Our top tips for long drives
There’s nothing quite like the open road and the simple joys of a long drive. However, all trips have risks, and the more prepared you are, the more likely you are to enjoy the journey. Avoid accidents and make better time with these safe driving tips for your next long road trip.
Plan your route and pit stops
These days, most of us have GPS apps that take us exactly where we want to go. However, this convenience has a hidden drawback: if we don’t plan our route in advance, we aren’t prepared for construction, roadblocks, or other events that could change our course. What happens if your GPS-enabled device dies or you lose data coverage?
Also, it’s well worth your efforts to plan out where you will stop for fuel, food, rest, and other amenities. Your GPS only gives you directions from point A to point B, but on a long trip, your route looks more like A to B with detours and stops at points X, Y, and Z! Don’t get caught running on empty because you can’t find a fuel station. Know where you will stop and the approximate time you will arrive. (And of course, always drive safely. Never speed to try to make up lost time.)
Check your vehicle before you leave
Most vehicle breakdowns happen due to minor vehicle issues that could be prevented by routine maintenance. A weak battery, low oil levels, and incorrect tyre pressure can all lead to issues. To avoid getting stranded on the side of the road, always perform a basic inspection before departure (or have a professional do it).
At a minimum, you should ensure that your tyres are at their recommended pressure and that they have sufficient tread. Old or under-inflated tires can easily pop, causing an accident or at the very least an unfortunate delay in your itinerary. Also make sure that your engine oil has been recently changed and your battery is in good shape. We recommend getting a professional inspection to see if your engine’s belts and other key components are in good shape.
Be rested and schedule breaks to avoid fatigue
Driving while fatigued is just as bad as driving while intoxicated. Always get a good night’s rest before your journey. That means no heavy meals or alcohol before bed. Aim to get a full eight hours (or however many you need to feel rested).
If you have a traveling companion, take turns driving. This will allow each of you time to rest your eyes and brain. You should take a pit stop every two hours or every 200 kilometres. As mentioned above, make sure that you plan out your stops so that you don’t find yourself getting exhausted as you look for a fuel station or rest area.
Finally, plan to drive no more than ten hours per day. Ideally, you and a driving partner split this time between you. If your destination will take multiple days, plan in advance to find nightly accommodations that you can reach after ten hours on the road.
Take care of your health and comfort
It’s tempting to load up on fast food and candy during your road trip, but these foods can make you feel bloated. Plus, high-carb and high-sugar foods can cause an energy crash — which can make you feel sleepy behind the wheel. Instead, bring healthy, lightweight snacks such as low-calorie crisps, fresh or dried vegetables and fruits, nuts, etc. Drink water rather than caffeinated beverages or sugary drinks.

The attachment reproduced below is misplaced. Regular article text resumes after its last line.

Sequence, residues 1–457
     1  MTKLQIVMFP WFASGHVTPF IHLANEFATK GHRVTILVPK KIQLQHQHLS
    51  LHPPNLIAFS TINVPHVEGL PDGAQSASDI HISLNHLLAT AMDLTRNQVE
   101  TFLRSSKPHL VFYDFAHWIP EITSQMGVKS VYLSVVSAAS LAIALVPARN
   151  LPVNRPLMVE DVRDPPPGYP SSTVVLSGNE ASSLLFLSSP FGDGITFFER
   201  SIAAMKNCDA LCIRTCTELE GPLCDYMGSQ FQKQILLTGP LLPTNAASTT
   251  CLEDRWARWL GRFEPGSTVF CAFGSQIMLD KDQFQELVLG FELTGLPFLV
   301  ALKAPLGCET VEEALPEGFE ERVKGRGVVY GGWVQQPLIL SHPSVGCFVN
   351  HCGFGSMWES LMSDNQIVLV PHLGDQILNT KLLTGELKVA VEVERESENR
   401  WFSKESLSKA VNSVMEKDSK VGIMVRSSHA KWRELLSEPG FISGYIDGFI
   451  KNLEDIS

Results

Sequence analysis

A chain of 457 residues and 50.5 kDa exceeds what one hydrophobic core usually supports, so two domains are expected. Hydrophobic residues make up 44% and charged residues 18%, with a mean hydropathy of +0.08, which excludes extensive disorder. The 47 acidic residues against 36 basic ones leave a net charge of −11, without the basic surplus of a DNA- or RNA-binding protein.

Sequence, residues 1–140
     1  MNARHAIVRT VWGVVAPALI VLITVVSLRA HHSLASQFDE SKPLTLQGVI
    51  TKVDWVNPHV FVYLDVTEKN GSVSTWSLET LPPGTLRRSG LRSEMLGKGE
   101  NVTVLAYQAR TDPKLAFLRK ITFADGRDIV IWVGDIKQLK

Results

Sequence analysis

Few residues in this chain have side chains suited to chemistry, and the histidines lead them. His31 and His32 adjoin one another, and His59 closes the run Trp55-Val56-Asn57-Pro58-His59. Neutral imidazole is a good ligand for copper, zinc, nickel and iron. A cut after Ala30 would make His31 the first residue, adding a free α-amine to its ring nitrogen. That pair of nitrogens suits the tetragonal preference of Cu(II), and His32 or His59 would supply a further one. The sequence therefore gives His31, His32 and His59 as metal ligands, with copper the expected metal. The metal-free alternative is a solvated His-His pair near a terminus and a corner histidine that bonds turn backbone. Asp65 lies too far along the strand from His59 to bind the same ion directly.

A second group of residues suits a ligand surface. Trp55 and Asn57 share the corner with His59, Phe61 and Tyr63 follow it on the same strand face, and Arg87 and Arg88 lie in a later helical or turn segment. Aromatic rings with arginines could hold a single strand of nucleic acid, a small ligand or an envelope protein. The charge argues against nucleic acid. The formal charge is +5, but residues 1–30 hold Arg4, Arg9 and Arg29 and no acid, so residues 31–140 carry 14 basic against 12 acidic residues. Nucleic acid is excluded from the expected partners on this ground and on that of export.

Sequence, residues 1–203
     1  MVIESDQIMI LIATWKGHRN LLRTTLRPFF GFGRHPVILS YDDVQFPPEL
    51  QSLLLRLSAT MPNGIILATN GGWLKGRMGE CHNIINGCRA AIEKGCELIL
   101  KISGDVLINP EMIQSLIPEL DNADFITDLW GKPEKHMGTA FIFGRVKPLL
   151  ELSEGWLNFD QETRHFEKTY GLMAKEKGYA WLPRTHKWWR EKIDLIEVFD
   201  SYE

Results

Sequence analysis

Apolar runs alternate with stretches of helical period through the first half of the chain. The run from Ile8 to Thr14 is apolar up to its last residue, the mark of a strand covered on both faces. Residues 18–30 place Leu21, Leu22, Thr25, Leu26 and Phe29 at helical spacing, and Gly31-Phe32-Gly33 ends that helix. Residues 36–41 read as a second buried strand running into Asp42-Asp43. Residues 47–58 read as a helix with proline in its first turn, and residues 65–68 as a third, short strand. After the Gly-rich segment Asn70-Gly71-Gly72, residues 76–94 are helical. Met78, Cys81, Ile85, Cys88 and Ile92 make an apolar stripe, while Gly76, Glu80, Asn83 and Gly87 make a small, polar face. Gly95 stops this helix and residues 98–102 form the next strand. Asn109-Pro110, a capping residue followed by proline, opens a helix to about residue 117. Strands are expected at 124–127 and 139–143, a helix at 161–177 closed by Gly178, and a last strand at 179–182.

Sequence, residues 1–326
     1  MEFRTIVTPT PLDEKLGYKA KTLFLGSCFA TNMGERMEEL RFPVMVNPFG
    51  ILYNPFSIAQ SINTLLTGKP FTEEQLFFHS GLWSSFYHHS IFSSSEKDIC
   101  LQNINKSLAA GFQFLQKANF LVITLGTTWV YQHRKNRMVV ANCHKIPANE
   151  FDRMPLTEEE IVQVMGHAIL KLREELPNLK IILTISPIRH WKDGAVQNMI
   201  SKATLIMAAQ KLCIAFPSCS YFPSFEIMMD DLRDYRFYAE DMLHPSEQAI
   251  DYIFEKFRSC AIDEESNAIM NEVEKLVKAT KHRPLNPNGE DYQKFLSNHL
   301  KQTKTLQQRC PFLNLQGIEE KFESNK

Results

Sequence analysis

Sun protection is important, too. Yes, you can get sunburned through your car windows! We recommend applying sunblock and wearing sunglasses during your drive.
And of course, the more comfortable you are, the less likely you are to be distracted while driving. Wear loose, lightweight clothing with layers that you can adjust as necessary. Always wear flat-soled shoes, and avoid anything tight or binding that would cause you to fidget.
Bring an emergency kit
On long trips, you may drive many kilometres before finding a store or fuel station. Be prepared for anything by packing an emergency kit. This should include, at the bare minimum:
- a first aid kit: bandages and wound dressings, alcohol wipes, ice packs, painkillers, etc.
- basic automobile supplies: spare fuses and bulbs, a tyre pump and pressure gauge, jack, spare tyre, engine oil, jumper cables, etc.
- a flashlight or battery-powered lantern
- emergency signals: small traffic cones, road flares or glow sticks
- blankets and/or spare gloves, hats, sweaters
- rain gear: poncho, rain boots, umbrellas, etc.
- a crowbar or life hammer (look for one that contains a seatbelt cutter and window breaker)
- a shovel (helpful if you get stuck in snow or mud)
- an ice scraper
- an atlas and compass
- battery-powered device chargers (to keep your smartphone charged if your car’s battery dies)
- battery-powered or hand-crank radio
In general, you should be prepared for snowy or icy weather as well as very hot weather. Anticipate your needs in case you end up stuck on the side of the road for an extended period of time. Stock some basic, non-perishable foods such as granola bars, protein bars, or trail mix. Always keep extra water on hand!
By following these simple steps, you can make your next long road trip both safe and enjoyable. The key takeaway is to anticipate any situation and plan ahead. This will help you avoid delays, accidents, and discomfort. Remember to take things slow and don’t be afraid to take breaks as you need them. It’s better to arrive late than not at all!
If you need a reliable, professionally vetted vehicle for your next long trip, consider a rental van or car hire! Reach out to Knights Van Hire. We ensure that all our rentals are optimised for long trips, so you can focus on the journey rather than worrying about your car. Contact us today to learn about our van and car hire options.Back to Latest News